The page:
Monday, November 18, 2013

Is Religion Really A Good Thing?

I used to think that religion was a good thing. After all, religion teaches values, morals, tolerance and a lot of virtues that make us function better as human beings. But I'm not so sure we need religion.

Recently I was reading The Blind Watchmaker by Richard Dawkins, a well-known atheist. The book takes its title from the famous metaphor about how mankind came to be. Creationists who believe that mankind was designed by a higher power have long argued that if you put all the pieces of a pocket-watch into a box and shook it for a hundred million years, the pieces would never randomly come together to create a watch. You need a watchmaker to carefully put the pieces in the right place. Creationists then argue that since man is so much more infinitely complicated, there is no way mankind could come to exist without some higher power designing the infinitely complex system that's necessary for us to survive.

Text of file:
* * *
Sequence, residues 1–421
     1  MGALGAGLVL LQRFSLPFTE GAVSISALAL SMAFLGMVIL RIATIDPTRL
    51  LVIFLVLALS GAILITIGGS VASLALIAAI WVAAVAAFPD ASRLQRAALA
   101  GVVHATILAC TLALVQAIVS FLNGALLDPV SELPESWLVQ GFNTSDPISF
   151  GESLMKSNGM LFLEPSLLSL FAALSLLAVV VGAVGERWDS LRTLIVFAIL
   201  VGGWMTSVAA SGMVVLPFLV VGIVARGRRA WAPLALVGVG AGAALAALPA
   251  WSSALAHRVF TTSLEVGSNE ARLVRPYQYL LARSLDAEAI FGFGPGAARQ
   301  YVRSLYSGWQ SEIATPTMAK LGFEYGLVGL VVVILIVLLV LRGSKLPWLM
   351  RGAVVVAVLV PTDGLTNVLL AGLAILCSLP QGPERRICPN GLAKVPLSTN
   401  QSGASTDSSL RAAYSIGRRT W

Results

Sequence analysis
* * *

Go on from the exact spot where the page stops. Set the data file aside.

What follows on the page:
When I began reading Dawkins' book, I was expecting not to like the author. He is an arrogant man, having written The God Delusion in which he claims to virtually prove that God does not exist. What struck me about his writing though was the incredible empathy he has for living things. In one section he writes passionately about what he considers the cruel act of boiling a live lobster and goes so far to say that if he were invited to a dinner party and the host planned to cook a live lobster, he would consider it his duty to ensure the lobster was prepared in a humane way. Not the way I would expect an   atheist to act.

Maybe we don't need religion to teach values. After all, when we incorporate religion in teaching values it will invariably lead us to moral ambiguity. Is it really a sin to miss mass on Sunday? Will you go to hell if you do? Is dancing really a sin? What about dietary laws?

In this previous blog post, I told the story about my Dad because I wanted to share that religion has had a powerful and positive effect in my life. Still, I have to say that religion also has some bad effects also. Didn't the Spaniards use religion to justify the cultural genocide of the Mayan people? Wasn't "Manifest Destiny" a type of religious belief that allowed Caucasians to justify stealing land from the American Indian? And what about the children's crusades where huge numbers of children left their homes for a treacherous journey to reclaim the holy land, which resulted in thousands of children dying of starvation, exposure and disease?